HennaBotanical Name: Lawsonia alba (LANK.), Lawsonia inermis
Family: N.O. Lythraceae
Synonyms: Henne. Al-Khanna. Al-henna. Jamaica Mignonette. Mehndi. Mendee. Egyptian Privet. Smooth Lawsonia.
Parts Used: Flowers, powdered leaves, fruit.
Habitat: Egypt, India, Kurdistan, Levant, Persia, Syria.
Description: The small, white and yellow, heavy, sweet-smelling flowers are borne on dwarf shrubs 8 to 10 feet high. A distilled water prepared from them is used as a cosmetic, and the powdered leaves have been in use from the most ancient times in Eastern countries for dyeing the hair and the nails a reddish-yellow.
Since 1890 it has been widely used in Europe for tinting the hair, usually in the form of a shampoo, many shades being obtainable by mixing with the leaves of other plants, such as indigo. As a dye for the skin or nails the powder may be mixed with catechu or lucerne, made into a paste with hot water, and spread on the part to be dyed, being allowed to remain for one night.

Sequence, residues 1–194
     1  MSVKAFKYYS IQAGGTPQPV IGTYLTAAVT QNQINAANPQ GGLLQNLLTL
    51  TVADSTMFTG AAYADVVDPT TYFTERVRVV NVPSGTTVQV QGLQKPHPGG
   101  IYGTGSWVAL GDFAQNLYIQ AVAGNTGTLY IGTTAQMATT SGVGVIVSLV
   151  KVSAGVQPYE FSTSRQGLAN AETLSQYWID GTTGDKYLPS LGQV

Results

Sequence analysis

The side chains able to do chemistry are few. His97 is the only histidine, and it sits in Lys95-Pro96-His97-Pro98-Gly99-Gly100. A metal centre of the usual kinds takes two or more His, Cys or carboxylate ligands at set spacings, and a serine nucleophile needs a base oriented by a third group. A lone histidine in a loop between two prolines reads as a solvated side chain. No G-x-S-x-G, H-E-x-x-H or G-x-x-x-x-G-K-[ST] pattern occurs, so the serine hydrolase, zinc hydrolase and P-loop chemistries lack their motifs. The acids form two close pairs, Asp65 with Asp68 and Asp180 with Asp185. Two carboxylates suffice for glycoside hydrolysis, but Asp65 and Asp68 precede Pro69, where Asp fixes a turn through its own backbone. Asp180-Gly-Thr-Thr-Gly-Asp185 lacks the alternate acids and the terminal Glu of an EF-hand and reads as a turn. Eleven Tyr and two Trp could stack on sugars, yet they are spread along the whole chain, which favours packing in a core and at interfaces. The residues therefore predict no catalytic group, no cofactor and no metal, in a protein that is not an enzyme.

Constituents: There has been found in it a brown substance of a resinoid fracture, having the chemical properties which characterize the tannins, and therefore named hennotannic acid.
Medicinal Action and Uses: It has been employed both internally and locally in jaundice, leprosy, smallpox, and affections of the skin. The fruit is thought to have emmenagogue properties.
The Egyptians are said to have prepared both an oil and an ointment from the flowers for making the limbs supple.